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FlashDance, but Flashier: 30 More Dances in 60 Minutes

These microdances had beginnings, middles, and ends, and also heart

Reviewed by Jonelle Seitz, Fri., Dec. 9, 2011

Arts Review
Photo courtesy of Stephen Pruitt

FlashDance, but Flashier: 30 More Dances in 60 Minutes

Salvage Vanguard Theater, 2803 Manor Rd.
Dec. 1-3

As Kathy Dunn Hamrick Dance Company's hour of shoulder-to-shoulder minidances began, I was reminded of Ellen Bartel's requirements for the one-minute dances in Dance Carousel: Each little piece must have a beginning, middle, and end. In FlashDance, while the dances varied in length – some were a few minutes long, while some were just a few seconds – the same criteria applied. But in FlashDance, the short dances were really movements within a cohesive work, albeit one that moved more quickly than is typical. The thread holding them together was generally strong, so the result was like a collection of related flash fiction.

Hamrick has been making dances for her company for over a decade, and although to some degree she seems to be well-settled in her movement vocabulary, there were moments of freshness. A solo for the only male dancer, Ryan Parent, was angular but ebbing. In another section, the women pulsed their hands softly and unexpectedly amid their larger movements; the effect was like a grace note. Projected numbers kept track of the dances but also imparted mood via type design: A scrawled, quiet 16 signaled a meditative trio sustained by Anna Claire Brunelli, Andrea Comola Williams, and Mariclaire Gamble. Later, in a fascinating study of short and tall, the tallest and shortest dancers performed equivalent steps that resulted in strikingly different effects.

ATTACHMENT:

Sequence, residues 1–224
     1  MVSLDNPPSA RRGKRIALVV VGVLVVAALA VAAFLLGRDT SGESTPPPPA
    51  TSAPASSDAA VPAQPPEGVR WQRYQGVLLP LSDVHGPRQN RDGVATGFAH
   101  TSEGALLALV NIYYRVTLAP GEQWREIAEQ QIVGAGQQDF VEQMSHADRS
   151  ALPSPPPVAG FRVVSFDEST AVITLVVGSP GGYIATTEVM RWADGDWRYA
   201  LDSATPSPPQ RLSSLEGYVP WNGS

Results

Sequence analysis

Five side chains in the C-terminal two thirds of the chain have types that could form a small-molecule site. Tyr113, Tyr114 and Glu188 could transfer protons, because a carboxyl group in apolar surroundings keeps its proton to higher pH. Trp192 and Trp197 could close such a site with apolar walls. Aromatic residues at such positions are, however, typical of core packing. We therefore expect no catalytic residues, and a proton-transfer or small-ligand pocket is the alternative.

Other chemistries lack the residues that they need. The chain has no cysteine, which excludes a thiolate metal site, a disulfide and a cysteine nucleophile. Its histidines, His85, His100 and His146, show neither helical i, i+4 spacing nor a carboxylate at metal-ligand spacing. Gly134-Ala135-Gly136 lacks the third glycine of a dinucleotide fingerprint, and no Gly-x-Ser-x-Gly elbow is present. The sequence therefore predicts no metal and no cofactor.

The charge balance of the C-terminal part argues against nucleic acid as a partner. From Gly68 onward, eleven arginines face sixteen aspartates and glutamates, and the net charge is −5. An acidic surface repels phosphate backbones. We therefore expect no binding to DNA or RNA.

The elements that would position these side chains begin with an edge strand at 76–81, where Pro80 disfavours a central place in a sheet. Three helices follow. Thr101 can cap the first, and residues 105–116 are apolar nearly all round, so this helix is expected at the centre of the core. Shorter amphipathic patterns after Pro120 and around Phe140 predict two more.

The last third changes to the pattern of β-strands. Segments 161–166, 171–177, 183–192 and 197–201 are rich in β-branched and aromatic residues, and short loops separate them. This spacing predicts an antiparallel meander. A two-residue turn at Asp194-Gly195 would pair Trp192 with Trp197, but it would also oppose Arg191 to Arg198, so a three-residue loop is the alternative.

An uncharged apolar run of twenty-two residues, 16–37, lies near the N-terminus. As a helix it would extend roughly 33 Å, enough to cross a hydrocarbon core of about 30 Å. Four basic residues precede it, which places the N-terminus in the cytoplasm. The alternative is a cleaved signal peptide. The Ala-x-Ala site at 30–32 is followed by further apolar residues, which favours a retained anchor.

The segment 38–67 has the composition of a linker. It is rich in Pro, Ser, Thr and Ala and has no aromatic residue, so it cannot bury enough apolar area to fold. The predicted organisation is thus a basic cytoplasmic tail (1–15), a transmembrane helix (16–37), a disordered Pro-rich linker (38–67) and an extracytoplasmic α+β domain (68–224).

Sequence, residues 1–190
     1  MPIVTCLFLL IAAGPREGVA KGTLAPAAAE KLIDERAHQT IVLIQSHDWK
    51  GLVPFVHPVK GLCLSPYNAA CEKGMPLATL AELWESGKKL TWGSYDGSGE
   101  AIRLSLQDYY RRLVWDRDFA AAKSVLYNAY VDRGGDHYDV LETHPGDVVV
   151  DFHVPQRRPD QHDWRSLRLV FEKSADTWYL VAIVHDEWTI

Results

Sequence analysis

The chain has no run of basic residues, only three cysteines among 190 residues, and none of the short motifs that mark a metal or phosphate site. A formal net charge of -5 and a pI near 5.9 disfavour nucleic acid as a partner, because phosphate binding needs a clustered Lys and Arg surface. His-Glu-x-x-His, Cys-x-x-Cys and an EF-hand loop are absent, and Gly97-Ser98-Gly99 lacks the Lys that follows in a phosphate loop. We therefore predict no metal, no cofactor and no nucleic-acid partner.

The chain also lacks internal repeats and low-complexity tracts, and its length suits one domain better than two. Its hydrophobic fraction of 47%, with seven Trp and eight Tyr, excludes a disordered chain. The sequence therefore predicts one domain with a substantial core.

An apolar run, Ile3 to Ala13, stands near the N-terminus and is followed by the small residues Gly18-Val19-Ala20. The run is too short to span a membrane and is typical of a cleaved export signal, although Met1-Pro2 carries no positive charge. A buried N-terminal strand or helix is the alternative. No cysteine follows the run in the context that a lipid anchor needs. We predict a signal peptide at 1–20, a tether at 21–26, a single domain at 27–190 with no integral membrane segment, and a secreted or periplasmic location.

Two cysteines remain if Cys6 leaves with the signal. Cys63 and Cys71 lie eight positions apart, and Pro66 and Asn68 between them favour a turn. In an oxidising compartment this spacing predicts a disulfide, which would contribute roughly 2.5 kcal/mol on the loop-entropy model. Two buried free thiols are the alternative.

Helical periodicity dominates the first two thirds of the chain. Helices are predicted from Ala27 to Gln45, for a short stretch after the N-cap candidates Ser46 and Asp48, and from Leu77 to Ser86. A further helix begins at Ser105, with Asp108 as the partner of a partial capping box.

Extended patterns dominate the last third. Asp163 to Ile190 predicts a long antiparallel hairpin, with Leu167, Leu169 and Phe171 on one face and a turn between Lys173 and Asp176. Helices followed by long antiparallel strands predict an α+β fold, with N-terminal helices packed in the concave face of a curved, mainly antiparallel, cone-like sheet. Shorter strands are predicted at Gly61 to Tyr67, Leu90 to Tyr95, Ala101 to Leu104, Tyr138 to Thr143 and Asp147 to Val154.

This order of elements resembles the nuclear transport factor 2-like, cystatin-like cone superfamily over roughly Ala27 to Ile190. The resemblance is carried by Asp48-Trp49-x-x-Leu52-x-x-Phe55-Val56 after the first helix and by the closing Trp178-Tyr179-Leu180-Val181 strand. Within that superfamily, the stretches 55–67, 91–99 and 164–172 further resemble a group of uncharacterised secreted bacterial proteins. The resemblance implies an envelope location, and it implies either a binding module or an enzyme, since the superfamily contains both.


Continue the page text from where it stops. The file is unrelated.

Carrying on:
Hamrick's music choices were at times quite smart, like in No. 27, when a groovy beat nearly encouraged the audience to dance while a performer busied herself taping a cardboard box together. At other times, the music seemed less essential than simply atmospheric, and, at its worst, garnered mechanical, predictable responses by the dancers.

In one section, 3-D glasses and strategically placed branches rendered the dancers in a neon forest, but the "magic" wasn't so integral that those who removed their glasses missed out. In a youthful, bubbly section, a square made of cereal boxes flattened and duct-taped together became a prop with special meaning: Two dancers wrapped it, like a glorious cloak, around another, then they posed in the center, framing themselves.

Shortly afterward, the dancers paired off, tenderly slow-dancing into the wings. I expect happy endings from Hamrick. After all, she has a stable career in Austin, a loyal audience, and a family who doesn't mind waking up to find her taping cereal boxes together on the kitchen floor.* But in the last 60 seconds of the show, this happened: A cardboard box was personified. It developed a love interest with another cardboard box, by which it felt ignored, neglected. Despondent and broken-hearted, it exited alone.

Beginning, middle, and end, and also heart.


*I totally made up that last scenario.

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